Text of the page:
Sunday, 12 September 2010

1 000th post: some thoughts on the unity of the Church

This is my 1000th post. As I post, Sitemeter records 52 498 visits to the blog - so by the time that you read this post, the chances are that will have crept above 52 500 visits. I do feel sorry for the postulators of causes in years to come - in this era of electronic media communications, their work is going to change drastically, and the evidence is going to be on servers and hard drives distributed about the world! [Note to myself: do not encrypt or password protect any drives that I would like to be part of the process in a certain eventuality ...]

It would have been nice to wait until Pope Benedict XVI arrives in the United Kingdom on Thursday, so that the 1000th post could report his arrival. Instead, a not unrelated post on the nature of the unity of the Church.
161. Why is the Church one?

The Church is one because she has as her source and exemplar the unity of the Trinity of Persons in one God. As her Founder and Head, Jesus Christ re-established the unity of all people in one body. As her soul, the Holy Spirit unites all the faithful in communion with Christ. The Church has but one faith, one sacramental life, one apostolic succession, one common hope, and one and the same charity.
The last sentence of the answer to this question from the Compendium of the Catechism of the Catholic Church identifies for us five different components that make up the unity of the Catholic Church. We cannot take one or other of these components, and raise them above any of the others; they all belong together, and together make up the unity of the Church.

"The Church has but one faith .." This means that the content of what the members of the Church believe is one and the same - Catholics do not choose to believe some of what the Church teaches and to disregard other parts of what she teaches. What is believed forms itself a unity. Expressed in a slightly different way, this means that the idea of the truth of the doctrine taught by the Church, and the acceptance by the faithful of its truth, is a key component of the unity of the Church. This same consideration applies if one wishes to speak, theologically, in terms of the person of Christ as being Who is taught by the Church, rather than articulating it in terms of doctrine.

"The Church has one and the same charity .." Unity in charity, seen as the living out of Christian faith, refers to unity in moral life and practise. Every moral failing offends against the unity of the Church, and the idea of "mortal sin" is that there is a point reached where moral failing significantly separates a believer from the unity of the Church (though, of course, the Sacrament of Penance allows the restoration of that unity). A useful reflection on this idea of unity in moral life, presented in a very specific context (see particularly pp.5-9), introduces the idea that there are substantive life choices which are incompatible with the teaching of the Church and which therefore mean that the person making those choices can be seen objectively, and without any element of individual judgement, not to be in unity with the moral life of the Church (and therefore should not receive the Sacrament of the Eucharist).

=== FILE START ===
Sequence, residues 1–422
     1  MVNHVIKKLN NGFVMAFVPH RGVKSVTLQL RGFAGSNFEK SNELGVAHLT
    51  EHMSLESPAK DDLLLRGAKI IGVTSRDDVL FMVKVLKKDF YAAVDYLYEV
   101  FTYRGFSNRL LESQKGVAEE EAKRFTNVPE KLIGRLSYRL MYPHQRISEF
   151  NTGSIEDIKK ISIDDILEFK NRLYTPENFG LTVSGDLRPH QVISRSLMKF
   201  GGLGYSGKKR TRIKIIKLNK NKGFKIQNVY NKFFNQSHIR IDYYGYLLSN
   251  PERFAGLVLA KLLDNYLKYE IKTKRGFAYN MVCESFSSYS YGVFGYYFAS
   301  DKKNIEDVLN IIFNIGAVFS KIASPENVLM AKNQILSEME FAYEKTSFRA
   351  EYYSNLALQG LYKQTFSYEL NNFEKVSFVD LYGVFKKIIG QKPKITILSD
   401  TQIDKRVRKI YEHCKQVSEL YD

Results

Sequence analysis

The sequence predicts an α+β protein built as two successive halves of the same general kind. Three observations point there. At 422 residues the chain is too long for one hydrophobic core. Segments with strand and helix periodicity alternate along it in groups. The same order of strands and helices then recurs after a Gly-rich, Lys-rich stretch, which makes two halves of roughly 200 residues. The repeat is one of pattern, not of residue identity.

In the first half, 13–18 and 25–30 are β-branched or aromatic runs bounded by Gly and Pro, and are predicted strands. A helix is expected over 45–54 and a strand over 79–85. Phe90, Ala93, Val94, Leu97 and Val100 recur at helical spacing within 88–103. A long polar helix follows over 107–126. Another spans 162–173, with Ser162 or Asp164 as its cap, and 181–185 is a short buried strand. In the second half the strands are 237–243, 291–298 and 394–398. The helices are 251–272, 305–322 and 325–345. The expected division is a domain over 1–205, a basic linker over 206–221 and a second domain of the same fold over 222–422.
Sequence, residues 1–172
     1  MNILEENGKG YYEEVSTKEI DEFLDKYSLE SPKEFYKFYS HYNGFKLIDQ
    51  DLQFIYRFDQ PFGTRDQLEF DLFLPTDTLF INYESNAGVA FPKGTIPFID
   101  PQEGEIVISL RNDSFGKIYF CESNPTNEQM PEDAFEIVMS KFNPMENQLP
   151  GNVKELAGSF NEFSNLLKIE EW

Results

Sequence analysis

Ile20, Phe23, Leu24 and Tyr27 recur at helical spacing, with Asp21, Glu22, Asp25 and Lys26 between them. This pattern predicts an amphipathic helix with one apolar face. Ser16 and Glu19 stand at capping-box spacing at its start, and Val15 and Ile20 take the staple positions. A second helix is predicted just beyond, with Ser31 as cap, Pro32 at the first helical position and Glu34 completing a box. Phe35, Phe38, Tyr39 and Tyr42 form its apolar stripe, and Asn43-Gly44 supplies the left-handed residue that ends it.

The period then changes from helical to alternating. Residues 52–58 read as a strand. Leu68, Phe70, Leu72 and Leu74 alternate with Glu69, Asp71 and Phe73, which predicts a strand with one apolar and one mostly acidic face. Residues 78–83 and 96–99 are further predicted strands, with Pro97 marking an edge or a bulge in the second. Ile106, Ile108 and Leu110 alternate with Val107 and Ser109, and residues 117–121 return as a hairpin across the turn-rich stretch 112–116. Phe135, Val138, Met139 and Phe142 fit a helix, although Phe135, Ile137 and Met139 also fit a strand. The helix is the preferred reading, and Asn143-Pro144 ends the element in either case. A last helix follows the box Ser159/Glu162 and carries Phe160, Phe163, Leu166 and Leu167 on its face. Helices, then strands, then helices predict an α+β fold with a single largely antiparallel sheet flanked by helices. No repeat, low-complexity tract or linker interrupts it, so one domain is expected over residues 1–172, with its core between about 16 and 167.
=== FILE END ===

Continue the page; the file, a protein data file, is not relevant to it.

"The Church has one common hope .." The Church does form a single, visible social reality. The Diocese, as the "particular Church", the presence in a particular location of the universal Church, is a particular manifestation of this. Within the Diocese, the parish is another expression of this unity at a social level. This social unity is also related to the unity of the Apostolic succession and sacramental life. It is not true to the nature of the unity of the Church to understand and express it exclusively in these social terms and therefore feel able to leave out questions of truth of doctrine and moral practise. And, on the other hand, neither is it correct to leave out the demand of this social unity.

And now I suggest some examinations of conscience, the common theme to which is that the unity of the Church is social, but cannot be reduced to the social alone:

Is the "picking and choosing" of the young people cited by Fr Tim from the BBC Radio 4's "The Pope's British Divisions" compatible with the unity of faith of the Church? Does the praising of the community aspects and denial of the morally demanding aspects not raise the social aspect of the unity of the Church over and above that of unity in moral life?